Supply side: When it comes to economic development initiatives, Santa Fe is reaping what it sowed.

Brentwood, Tenn.-based Tractor Supply Co. this weekend carried out a soft opening of its 21,700-square-foot store that has for months been under construction in Santa Fe.

Tractor Supply, 13404 FM 1764, caters to pet and livestock owners, ranchers, part-time and hobby farmers, gardeners, homeowners, tradesmen and more.

Tractor Supply is a coup for Santa Fe. Last year, the city council authorized the Santa Fe Economic Development Corp. to reimburse a contractor in an amount not to exceed $34,500 for construction and other costs of installing a sewer line extension to serve a proposed Tractor Supply Co. The incentive played a crucial role in Santa Fe luring the world’s largest operator of rural lifestyle retail stores, which had been looking in Texas City and other mainland cities.

Tractor Supply, which began in 1938 as a mail-order catalog business, operates more than 1,276 retail stores in 48 states.

The Santa Fe store plans a May 18-21 grand opening with discounts and giveaways. Stay tuned.

Strip tease: Meanwhile, inquiring readers want to know what will occupy that building underway at 13120 state Highway 6, just east of Santa Fe Fire & Rescue. That’s where Sugar Land-based SAAR Ventures is developing a 9,300-square-foot strip center. The first tenant that plans to move in is pizza purveyor Little Caesars, which will feature a drive-thru. No word on other tenants. Stay tuned.

Landlines: People are buzzing about Texas City’s acquisition of 23 acres on the corner of Bay Street and Dike Road. Some of that land has long been home to food stand Coach’s Corner.

The city acquired the land from the Port of Texas City/Texas City Terminal Railway Co.

Exact terms of the transaction weren’t immediately available, but it was essentially a land trade, said Nick Finan, executive director of Management Services for the city.

Texas City officials have sent out noncommittal requests for proposals to gauge what developers might do at the site. An RV commercial center is a possibility. Or it could be a continuation of Bay Street Park, which city officials are working to improve with new amenities, such as splash pads and fitness stations, among other things.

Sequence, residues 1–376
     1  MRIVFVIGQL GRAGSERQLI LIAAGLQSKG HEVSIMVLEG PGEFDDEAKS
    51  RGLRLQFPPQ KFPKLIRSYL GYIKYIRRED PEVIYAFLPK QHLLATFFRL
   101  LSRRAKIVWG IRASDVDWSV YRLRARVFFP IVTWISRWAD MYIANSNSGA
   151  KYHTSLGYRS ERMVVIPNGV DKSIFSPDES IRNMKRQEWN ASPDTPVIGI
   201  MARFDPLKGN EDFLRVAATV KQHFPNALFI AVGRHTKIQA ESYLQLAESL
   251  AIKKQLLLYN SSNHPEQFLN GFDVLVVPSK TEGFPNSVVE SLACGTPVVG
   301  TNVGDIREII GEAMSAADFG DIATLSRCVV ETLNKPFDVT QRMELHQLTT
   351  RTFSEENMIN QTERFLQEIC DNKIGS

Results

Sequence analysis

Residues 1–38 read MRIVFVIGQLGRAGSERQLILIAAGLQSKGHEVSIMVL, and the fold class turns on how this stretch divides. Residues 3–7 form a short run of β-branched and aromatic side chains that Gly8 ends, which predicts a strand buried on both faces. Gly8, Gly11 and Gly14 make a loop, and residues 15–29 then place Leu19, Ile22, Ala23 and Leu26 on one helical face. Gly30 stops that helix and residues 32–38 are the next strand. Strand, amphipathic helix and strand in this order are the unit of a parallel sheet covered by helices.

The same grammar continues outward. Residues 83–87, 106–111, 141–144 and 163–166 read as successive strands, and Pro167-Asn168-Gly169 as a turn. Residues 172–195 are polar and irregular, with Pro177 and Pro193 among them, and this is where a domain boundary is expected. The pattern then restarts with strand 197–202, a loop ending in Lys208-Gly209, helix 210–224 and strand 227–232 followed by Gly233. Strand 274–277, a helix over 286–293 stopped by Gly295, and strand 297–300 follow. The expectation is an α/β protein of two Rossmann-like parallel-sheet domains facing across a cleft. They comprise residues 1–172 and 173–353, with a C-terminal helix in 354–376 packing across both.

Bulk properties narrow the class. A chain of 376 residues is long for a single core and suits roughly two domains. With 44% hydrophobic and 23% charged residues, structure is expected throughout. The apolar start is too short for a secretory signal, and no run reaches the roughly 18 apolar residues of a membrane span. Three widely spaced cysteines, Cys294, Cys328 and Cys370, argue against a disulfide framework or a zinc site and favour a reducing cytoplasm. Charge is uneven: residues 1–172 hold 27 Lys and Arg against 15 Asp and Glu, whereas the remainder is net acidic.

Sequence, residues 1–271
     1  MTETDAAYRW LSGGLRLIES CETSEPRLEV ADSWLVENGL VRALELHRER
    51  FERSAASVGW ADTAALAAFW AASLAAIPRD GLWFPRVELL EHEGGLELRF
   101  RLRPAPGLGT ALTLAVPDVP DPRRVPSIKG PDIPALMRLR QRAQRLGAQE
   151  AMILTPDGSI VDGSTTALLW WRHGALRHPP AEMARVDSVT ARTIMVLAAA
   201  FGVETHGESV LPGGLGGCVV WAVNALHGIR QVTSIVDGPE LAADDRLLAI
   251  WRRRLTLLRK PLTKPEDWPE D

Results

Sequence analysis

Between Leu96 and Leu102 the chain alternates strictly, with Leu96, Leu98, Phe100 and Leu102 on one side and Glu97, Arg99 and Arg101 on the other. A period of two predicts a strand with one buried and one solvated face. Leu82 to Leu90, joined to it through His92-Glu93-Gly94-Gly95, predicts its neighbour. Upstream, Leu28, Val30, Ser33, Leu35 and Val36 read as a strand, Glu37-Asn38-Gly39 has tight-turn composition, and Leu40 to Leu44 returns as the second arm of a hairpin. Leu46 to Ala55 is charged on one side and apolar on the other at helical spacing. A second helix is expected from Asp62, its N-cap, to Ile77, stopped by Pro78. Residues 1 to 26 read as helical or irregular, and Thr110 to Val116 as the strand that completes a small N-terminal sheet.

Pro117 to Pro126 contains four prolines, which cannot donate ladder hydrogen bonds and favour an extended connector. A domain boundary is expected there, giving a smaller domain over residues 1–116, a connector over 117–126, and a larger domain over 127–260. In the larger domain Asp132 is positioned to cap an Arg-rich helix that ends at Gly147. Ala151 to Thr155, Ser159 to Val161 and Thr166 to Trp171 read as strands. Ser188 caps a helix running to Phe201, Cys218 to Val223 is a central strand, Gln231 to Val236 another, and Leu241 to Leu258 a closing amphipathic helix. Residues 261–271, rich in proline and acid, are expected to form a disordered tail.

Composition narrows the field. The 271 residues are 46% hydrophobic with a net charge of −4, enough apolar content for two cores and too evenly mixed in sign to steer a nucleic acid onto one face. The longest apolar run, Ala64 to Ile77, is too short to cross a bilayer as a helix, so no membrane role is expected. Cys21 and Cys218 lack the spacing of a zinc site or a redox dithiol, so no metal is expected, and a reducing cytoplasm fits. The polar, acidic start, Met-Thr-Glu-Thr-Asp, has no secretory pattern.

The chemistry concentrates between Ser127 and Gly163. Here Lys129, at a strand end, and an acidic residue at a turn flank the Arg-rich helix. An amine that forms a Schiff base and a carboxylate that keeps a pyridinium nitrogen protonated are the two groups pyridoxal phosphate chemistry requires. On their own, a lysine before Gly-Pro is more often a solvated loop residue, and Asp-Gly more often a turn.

By acquiring the parcel, the city can control the appearance of the Texas City Dike’s entrance, which is part of a larger vision Mayor Matt Doyle and other city officials have, Finan said. City officials want the entrance to the popular spot to be attractive and suitable, Finan said.

Coach’s Corner had a year-to-year lease with Texas City Terminal Railway. Texas City officials plan to give Coach’s Corner six months’ notice if the city develops the property, Finan said. The city also would work with Coach’s Corner to find a new location within a reasonable distance of its current site, Finan said.

Meanwhile, details were scarce, but word has it that Boyd’s Onestop, a seafood market and bait shop, 227 Dike Road, also acquired some Texas City Terminal Railway land. Stay tuned.

Truck stops here: A lot of people are still wondering about that construction work at FM 519 and state Highway 146 in Texas City. As previously buzzed, truck stop and convenience store Oasis is underway. The establishment offers fuel for truckers, but it also will accommodate automobiles, Texas City officials say. But those officials weren’t able to confirm whether a restaurant will be part of the development. Stay tuned.

Music to your ears? More details to come, but Red Cat Jazz Café, which for years ran a Houston establishment, has plans at Mall of the Mainland, 10000 Emmett F. Lowry Expressway, in Texas City, reports Friendswood developer and attorney Jerome Karam.

Red Cat Jazz Café is credited with putting Houston’s jazz scene on the map. The Houston cafe, which closed in 2015 after its downtown building flooded, also was known for serving Southern comfort food. Not so long ago, the establishment was rumored to be searching for sites in Nassau Bay.

Dollar holler: Tongues are wagging on the island’s West End, as a Dollar General rises at 14323 FM 3005. The dollar store concept seems an odd fit in an area known for high-dollar homes. But in February, city officials issued a permit for the retailer to commence building. Dollar General, a bargain retail chain selling household goods, groceries, beauty products and more, already has an island site at 2415 69th St., competing with other such concepts in the city. No word on an opening date. Stay tuned.

Building buy: The 74,604-square-foot island shopping center anchored by Big Lots and Family Dollar, among others, has a new owner.

Holliday Fenoglio Fowler, better known as HFF, announced Thursday it had closed the sale of Broadway Shopping Center, 5908 Broadway. The firm said it had marketed the asset on behalf of seller Weingarten Realty Investors.

A private investor purchased the property free and clear of existing debt, the firm said. HFF did not divulge the sales price.

Broadway Shopping Center is fully leased to a variety of tenants, including Big Lots, Family Dollar, Da Vita Island Dialysis, Anytime Fitness, West Marine and Subway. Senior Managing Director Ryan West led the HFF investment sales team representing Weingarten Realty Investors.

Working on it: Biz Buzz is still chasing details about: What Landry’s has in store for the building formerly occupied by Domino’s Pizza just east of the Chick-fil-A, 2428 Seawall Blvd.; the status of the residential development on 58 acres along FM 517 that previously was home to Dickinson Country Club; and whether Golden Corral is still planning a Texas City site.

Laura Elder: 409-683-5248;

Managing Editor

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